In FIG. 2, a heat aging test for 1/8 inch by 5 inch flex bars at 235° C. is graphically shown in terms of Weight Retained versus Aging Time curves. The results dramatically display the much improved heat stabilizing nature of the present invention as depicted in curve 16 (Formula B). The following table summarizes the results of FIG. 2:
______________________________________WEIGHT RETENTION %Aging Time(hours) MX582P(18) Formula A (10') Formula B (16')______________________________________ 0 100(%) 100 100144 97.9168 98.1 98.7336 92.1 98.5341 96.9408 86.4 98.3456 95.0480 75.4 98.1528 94.2672 63.8 96.5744 90.7______________________________________
This measure is an excellent way of determining retention of a variety of properties over long periods of time at high temperatures. A 10% weight loss will approximate a 50% loss in flex strength. Thus, while the phenolic composition of the present invention Composition B, curve 16' has retained much of its mechanical properties over the long test period, the other phenolic materials have an enormous decrease in properties relative to the present invention. In another test at 205° C., specimens of formula B retained almost 96% of original weight after 180 days of heat aging.
Referring now to FIG. 3, a graph of flex strength versus time is shown for the same compositions as in FIG. 2. Thus 16", 10" and 18' correspond to Formulas A, B and MX-582P, respectively. Again, the desirable and advantageous properties of the modified Formula B of the present invention having both rubber and sulfur added therein is clearly evident. Notice that over a 180 day period, the Formula B compound retained most of its flexural strength while the control Formula A and the MX-582 compounds had severe flexural strength loss over a far shorter time length.
As discussed previously, we have unexpectedly discovered that the elastomers which improve heat aging are those which embrittle on aging, such as butadiene rubbers, whereas, those that soften on aging (i.e., butyl rubber, natural rubber, acrylate rubbers, polyisoprene, etc.) do not contribute to improved heat aging. One possible theoretical explanation, although we will not limit ourselves to this mechanism, is that rubbers which soften on high temperature oxidative aging do so because of scissioning of the polymeric chains with eventual loss (as volatiles) of low molecular weight segments of the broken polymer chains. This material loss creates void spaces in the phenolic compound which add in their effect to void spaces that form in the degradation of the phenolic resin. The effect of void spaces is not only to structurally weaken the material, but also to provide paths for more rapid oxygen penetration and more surface area for oxygen attack on the resin, thereby accelerating the heat aging process. On the other hand, elastomers that embrittle on aging primarily crosslink due to oxidation, and this hinders the formation of volatile polymeric segments. Indeed, oxygen uptake during the volume of the embrittling elastomer and thereby restrict the passages for air penetration into the phenolic compound containing the dispersed rubber. Example 4 would tend to confirm this proposed theory.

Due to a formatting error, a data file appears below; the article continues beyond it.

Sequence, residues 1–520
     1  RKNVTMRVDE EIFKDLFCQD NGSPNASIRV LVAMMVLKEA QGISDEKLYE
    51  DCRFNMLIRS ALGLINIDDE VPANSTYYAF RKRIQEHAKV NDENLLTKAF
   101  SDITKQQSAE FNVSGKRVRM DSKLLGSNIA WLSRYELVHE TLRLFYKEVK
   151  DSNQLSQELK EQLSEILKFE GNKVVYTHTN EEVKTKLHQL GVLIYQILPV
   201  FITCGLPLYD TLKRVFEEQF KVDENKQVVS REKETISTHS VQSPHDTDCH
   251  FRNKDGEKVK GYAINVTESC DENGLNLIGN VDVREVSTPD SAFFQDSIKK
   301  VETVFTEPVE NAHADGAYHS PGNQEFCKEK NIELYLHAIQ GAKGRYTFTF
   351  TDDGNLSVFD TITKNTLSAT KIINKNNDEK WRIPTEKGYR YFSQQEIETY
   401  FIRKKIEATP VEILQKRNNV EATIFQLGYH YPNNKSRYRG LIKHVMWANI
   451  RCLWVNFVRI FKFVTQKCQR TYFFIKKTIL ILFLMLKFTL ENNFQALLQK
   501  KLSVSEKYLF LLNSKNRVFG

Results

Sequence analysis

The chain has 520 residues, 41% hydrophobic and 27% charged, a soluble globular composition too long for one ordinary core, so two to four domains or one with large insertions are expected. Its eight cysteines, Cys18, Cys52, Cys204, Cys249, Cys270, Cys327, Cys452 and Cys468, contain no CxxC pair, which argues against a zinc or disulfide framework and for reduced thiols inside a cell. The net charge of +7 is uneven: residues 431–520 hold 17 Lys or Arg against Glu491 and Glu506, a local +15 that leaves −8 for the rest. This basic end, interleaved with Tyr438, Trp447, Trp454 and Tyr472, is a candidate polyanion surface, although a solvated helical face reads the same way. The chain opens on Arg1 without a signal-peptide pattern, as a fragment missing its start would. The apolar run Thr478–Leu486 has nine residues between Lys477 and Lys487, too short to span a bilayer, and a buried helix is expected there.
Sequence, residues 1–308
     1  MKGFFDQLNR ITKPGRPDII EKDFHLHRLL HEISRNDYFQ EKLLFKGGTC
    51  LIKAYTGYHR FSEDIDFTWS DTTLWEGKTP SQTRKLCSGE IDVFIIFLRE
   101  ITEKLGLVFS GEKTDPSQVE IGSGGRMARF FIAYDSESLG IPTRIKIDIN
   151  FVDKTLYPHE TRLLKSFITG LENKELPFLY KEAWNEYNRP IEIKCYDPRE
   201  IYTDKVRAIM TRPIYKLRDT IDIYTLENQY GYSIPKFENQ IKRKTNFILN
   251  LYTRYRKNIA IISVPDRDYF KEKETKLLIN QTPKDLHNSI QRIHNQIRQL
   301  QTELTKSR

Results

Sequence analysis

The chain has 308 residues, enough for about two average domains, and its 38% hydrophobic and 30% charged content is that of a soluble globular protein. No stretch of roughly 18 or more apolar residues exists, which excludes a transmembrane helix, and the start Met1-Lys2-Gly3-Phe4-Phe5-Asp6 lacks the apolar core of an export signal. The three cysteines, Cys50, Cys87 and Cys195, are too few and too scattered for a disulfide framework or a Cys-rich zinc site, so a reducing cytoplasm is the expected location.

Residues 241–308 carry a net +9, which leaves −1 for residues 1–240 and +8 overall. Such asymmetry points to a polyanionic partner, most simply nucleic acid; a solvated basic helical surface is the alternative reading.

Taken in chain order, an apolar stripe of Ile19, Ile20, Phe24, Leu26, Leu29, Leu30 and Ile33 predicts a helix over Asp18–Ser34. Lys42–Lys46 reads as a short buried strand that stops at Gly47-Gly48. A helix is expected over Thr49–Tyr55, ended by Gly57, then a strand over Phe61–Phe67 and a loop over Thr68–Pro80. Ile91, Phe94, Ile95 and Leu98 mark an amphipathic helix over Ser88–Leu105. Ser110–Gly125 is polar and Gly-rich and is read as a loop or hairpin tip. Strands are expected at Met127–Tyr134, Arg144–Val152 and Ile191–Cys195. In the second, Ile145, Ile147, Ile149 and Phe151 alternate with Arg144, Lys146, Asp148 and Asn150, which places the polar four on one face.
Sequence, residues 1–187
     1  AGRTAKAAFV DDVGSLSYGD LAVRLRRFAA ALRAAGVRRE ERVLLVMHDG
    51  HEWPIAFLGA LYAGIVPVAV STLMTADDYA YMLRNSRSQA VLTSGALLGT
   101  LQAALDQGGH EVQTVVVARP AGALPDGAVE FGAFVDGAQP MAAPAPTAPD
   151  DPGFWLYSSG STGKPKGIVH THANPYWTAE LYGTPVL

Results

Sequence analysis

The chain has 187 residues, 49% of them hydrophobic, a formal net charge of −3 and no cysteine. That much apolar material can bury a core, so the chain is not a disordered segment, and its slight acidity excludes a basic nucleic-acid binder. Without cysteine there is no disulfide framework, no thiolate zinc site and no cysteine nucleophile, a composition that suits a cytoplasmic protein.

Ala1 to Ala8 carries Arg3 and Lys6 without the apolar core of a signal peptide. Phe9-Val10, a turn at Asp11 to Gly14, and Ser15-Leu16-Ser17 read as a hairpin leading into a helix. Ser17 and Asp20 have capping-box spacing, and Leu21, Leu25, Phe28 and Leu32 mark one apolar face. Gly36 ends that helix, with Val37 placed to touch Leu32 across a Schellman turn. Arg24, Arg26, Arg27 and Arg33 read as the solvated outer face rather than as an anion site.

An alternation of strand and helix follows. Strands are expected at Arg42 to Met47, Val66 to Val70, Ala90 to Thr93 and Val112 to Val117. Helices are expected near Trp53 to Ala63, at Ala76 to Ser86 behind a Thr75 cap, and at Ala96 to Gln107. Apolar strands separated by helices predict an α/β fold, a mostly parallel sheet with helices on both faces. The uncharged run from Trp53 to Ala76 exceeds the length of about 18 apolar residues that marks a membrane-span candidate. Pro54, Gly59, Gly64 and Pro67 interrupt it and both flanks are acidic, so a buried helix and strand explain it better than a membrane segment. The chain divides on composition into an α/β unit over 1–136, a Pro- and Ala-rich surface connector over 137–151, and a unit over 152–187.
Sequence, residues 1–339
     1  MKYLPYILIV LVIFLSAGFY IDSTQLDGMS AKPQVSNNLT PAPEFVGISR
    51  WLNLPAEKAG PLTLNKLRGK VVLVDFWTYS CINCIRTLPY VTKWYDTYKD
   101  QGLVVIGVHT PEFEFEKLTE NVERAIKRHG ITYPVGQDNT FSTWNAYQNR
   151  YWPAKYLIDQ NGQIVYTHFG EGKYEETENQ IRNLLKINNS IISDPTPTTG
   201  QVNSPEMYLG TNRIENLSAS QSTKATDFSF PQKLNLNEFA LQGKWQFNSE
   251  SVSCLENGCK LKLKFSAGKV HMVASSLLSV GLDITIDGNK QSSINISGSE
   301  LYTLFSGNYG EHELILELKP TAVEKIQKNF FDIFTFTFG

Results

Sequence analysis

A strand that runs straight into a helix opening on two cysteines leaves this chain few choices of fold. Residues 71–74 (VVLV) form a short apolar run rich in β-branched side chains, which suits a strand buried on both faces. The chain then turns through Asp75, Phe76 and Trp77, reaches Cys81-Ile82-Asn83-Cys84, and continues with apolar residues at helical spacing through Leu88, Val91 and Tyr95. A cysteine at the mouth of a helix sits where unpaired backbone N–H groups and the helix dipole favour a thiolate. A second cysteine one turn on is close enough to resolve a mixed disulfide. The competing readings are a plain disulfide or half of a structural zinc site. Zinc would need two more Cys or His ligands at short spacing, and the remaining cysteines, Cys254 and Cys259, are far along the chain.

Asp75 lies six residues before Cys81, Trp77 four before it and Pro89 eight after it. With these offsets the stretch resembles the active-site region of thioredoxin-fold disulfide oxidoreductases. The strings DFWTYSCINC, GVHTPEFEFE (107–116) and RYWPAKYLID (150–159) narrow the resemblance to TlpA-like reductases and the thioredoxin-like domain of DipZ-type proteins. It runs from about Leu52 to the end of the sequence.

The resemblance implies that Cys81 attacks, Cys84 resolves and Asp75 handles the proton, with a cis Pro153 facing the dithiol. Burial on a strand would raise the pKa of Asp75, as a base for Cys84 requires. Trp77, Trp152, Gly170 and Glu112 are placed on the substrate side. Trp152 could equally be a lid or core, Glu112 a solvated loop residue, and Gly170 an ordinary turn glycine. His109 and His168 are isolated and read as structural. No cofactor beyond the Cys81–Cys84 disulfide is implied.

While preferred embodiments have been shown and described, various modifications and substitutions may be made thereto without departing from the spirit and scope of the invention. Accordingly, it is to be understood that the present invention has been described by way of illustrations and not limitation.
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|U.S. Classification||525/138, 525/141, 524/511, 525/139, 525/133, 524/35, 525/109, 524/508, 524/454, 524/496, 524/494, 524/509|
|International Classification||C08L61/06, C08J5/04|
|Cooperative Classification||C08J2361/06, C08L61/06, C08J5/04|
|European Classification||C08J5/04, C08L61/06|